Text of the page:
Wednesday 1.4.2020 in Latest Developments in Yemen Country Page
Jordan, Oman, Morocco, and Yemen suspend newspaper production, citing COVID-19 fears— censored.today (@CensoredToday) March 25, 2020
Beginning on March 17, 2020, authorities in Jordan, Oman, Morocco, and Yemen issued decrees suspending newspaper printing and distribution in response to ...https://t.co/a7rcXDL0L5
Newspaper distribution suspended in the wake of COVID-19
In an effort to check the spread of the Corona Virus (COVID-19) outbreak, on 23rd March 2020, Muammar Al-Aryani, the Minister of Communications in the internationally recognised Yemeni government of President Abd Rabbu Mansour Hadi, issued a decree ordering a halt to the physical distribution of government and private newspapers, stating that only electronic copies would be issued until 12th April 2020.
Death sentence upheld for prisoner of conscience
On 22nd March 2020, the Houthi-run Court of Appeal in Sana’a approved the death sentence handed down in January 2018 to the prisoner of conscience of the Baha’i faith, Hamid Haydara. Haydara was originally arrested in 2013 on allegations of espionage which are believed to be in direct retaliation for his peacefully-held beliefs. According to Amnesty International, he was then subjected to a five-year trial that was rife with procedural irregularities and contrary to international fair trial standards. Haydara was not permitted to attend the hearing and his ability to mount a further appeal to the Supreme Court is compromised by the Houthi authorities’ refusal to grant him access to his lawyers.
According to Amnesty International, Haydara’s trial is but one example of the many journalists, human rights defenders, political opponents and members of religious minorities who have been subjected to unfair trials on trumped-up charges at the Court in Sana’a between 2015 and 2020 in a bid by the Houthis to consolidate their political control.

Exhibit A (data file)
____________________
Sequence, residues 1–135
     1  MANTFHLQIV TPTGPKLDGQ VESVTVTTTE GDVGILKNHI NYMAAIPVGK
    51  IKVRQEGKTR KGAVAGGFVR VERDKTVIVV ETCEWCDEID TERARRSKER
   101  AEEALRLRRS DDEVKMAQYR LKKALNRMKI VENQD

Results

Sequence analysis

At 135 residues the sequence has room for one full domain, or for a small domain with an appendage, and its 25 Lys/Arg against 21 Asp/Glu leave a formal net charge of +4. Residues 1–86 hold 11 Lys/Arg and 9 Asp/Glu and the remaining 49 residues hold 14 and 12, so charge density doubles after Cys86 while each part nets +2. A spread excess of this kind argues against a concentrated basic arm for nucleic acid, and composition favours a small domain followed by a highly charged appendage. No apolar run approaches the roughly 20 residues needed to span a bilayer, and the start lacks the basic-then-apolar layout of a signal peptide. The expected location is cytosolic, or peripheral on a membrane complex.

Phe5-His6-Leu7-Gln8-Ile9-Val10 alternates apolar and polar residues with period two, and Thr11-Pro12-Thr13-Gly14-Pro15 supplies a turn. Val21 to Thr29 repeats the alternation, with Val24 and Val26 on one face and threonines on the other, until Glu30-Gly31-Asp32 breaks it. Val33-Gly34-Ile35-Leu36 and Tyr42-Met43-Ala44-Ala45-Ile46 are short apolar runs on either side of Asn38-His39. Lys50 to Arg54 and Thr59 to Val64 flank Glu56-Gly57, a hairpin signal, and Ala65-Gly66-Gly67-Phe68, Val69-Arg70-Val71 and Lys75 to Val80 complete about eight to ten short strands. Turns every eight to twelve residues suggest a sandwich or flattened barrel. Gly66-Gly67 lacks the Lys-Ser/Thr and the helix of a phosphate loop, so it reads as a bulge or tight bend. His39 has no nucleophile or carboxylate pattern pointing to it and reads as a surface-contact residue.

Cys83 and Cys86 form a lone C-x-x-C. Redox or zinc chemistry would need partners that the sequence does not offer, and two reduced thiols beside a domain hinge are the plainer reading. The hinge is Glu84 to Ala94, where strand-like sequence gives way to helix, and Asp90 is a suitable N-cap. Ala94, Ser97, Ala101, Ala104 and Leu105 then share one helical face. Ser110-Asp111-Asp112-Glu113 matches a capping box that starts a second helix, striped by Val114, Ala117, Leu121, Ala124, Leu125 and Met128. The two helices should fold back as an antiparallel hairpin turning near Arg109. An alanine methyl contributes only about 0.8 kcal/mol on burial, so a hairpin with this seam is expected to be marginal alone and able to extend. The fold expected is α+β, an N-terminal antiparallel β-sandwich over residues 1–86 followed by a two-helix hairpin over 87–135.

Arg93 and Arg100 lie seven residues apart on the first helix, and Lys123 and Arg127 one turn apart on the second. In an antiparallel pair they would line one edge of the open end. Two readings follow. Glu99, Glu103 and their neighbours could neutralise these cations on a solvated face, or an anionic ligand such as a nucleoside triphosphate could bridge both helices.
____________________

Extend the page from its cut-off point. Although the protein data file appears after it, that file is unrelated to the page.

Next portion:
Lynn Maalouf, Amnesty International’s Middle East Research Director, said:
“There is no question that Hamid Haydara is being sentenced to death solely for his conscientiously-held beliefs and peaceful activities.”
HRDs and journalists detained
In March 2020, the Gulf Centre for Human Rights received reports concerning the arrest and detention of several civil society activists and journalists. The arrests were carried out by various parties to the ongoing conflict and were aimed at curtailing the activists’ and journalists’ right to freedom of expression.
On 21st March 2020, journalist Moufid Ahmed Al-Ghailani posted an account on his Facebook page of his two-and-a-half-hour detention at the Seenah Police Station, which he described as "not suitable for animals to live in." Al-Ghailani writes articles for the Al-Arabi newspaper and works as a technical editor for both the Al-Saeeda satellite channel and the news website Al-Mashhad. He studied journalism at the American University of Beirut (AUB).
Al-Ghailani was arrested while filming a documentary on the archaeological sites in the city of Taiz. Despite presenting his official media credentials, he was prevented from filming and his camera and mobile phone were confiscated. He was accused of filming for the Houthi movement and forcefully taken to Seenah Police Station where he was interrogated about his journalistic activities over the course of several hours. Al-Ghailani’s personal belongings were returned to him on his release.